We shall not be moved: Resistance to changes in Methodist leadership
Social change has a profound effect on religious institutions, especially when that change calls into question an institution's existing authority structures. Challenges to the group in power generally provoke resistance from that group, as well as those who are comfortable within the existing framework. For many, such a power structure is sacred, representing God's intended order, whereas challengers are perceived as pursuing their own worldly interests.
The theory of Pierre Bourdieu suggests that all such struggles are rooted in worldly interest, through various forms of material and symbolic capital. Bourdieu's concepts of habitus and field seek to expose the arbitrary nature of domination patterns that are embedded in social structures. Such patterns, he claims, are unconsciously perpetuated by both the dominant and the dominated players in a particular field, through a process of socialization that is a dialectical interplay of social structure and human agent.
This dissertation uses Bourdieu and other theorists to examine three different challenges in the history of American Methodism, when proposed changes to existing leadership models provoked strong resistance. These contests for power arose following periods of significant social change, in keeping with Bourdieu's contention that challenges most often occur at such times. Using the uniform context of the Methodist General Conference, where denominational policy is established, the dissertation analyzes transcripts of floor debates in key years to discern how religious rationales may mask deeper fears related to larger currents of social change.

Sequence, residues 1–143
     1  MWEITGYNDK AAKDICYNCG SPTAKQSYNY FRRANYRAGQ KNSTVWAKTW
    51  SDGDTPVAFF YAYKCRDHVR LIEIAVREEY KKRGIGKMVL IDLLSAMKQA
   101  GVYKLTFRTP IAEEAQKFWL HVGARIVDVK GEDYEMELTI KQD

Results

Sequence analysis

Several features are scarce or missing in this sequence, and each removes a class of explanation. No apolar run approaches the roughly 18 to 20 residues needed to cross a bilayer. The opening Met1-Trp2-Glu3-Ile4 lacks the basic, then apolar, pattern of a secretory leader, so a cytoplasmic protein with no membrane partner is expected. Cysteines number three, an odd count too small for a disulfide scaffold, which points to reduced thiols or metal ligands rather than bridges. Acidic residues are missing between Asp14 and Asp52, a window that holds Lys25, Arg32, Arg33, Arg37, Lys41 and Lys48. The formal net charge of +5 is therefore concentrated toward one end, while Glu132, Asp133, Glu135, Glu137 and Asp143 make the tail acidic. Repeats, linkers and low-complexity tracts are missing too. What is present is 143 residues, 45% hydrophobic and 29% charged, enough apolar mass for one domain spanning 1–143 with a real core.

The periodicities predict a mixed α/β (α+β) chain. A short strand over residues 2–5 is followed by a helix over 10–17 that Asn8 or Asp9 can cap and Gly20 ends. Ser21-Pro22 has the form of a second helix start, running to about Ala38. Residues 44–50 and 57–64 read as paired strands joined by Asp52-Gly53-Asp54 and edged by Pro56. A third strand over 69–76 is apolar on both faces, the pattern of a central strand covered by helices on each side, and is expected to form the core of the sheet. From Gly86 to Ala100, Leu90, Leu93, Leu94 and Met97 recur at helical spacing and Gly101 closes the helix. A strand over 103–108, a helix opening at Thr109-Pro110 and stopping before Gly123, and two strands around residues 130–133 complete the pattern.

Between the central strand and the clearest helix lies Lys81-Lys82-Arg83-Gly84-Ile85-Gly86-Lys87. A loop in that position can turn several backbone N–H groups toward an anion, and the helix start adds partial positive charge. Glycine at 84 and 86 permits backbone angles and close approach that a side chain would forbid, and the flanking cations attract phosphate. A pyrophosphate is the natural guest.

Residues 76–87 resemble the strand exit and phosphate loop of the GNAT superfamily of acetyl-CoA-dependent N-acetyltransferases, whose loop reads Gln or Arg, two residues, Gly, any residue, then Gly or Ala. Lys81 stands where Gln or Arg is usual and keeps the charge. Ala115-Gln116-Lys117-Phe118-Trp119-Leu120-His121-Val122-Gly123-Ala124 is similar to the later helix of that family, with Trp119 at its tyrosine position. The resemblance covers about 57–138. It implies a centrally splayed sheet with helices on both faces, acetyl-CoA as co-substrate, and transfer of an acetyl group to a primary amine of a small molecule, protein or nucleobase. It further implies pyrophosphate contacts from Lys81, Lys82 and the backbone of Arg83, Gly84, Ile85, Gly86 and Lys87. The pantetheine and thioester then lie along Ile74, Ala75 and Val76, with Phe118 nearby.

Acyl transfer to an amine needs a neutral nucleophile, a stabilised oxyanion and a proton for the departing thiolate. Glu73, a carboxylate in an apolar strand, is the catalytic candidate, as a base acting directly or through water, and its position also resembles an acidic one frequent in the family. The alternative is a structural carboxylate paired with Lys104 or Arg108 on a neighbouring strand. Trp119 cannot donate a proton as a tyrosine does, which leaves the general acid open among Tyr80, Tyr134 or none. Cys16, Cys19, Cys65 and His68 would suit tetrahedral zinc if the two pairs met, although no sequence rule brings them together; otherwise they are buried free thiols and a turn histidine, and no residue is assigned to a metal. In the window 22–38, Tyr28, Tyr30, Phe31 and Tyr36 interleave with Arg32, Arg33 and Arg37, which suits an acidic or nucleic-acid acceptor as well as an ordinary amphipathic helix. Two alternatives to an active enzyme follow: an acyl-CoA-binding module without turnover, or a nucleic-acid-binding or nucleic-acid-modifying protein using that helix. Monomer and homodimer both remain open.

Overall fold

In discussing unification with northern Methodists in the early twentieth century, white members of the Methodist Episcopal Church, South held out for a segregated structure where African Americans would have no leadership over white Methodists and no voice in church governance. Women's leadership as lay delegates was hotly debated in 1888, as was their ordination in the 1920s before being granted full clergy rights in 1956. The current United Methodist Church is deeply divided over the place of gays and lesbians within the church. The dissertation examines the genesis of church statements condemning homosexual "practice" in 1972 and the addition of language in the 1980s to prohibit their ordination.
0320: Religious history
0703: Organizational behavior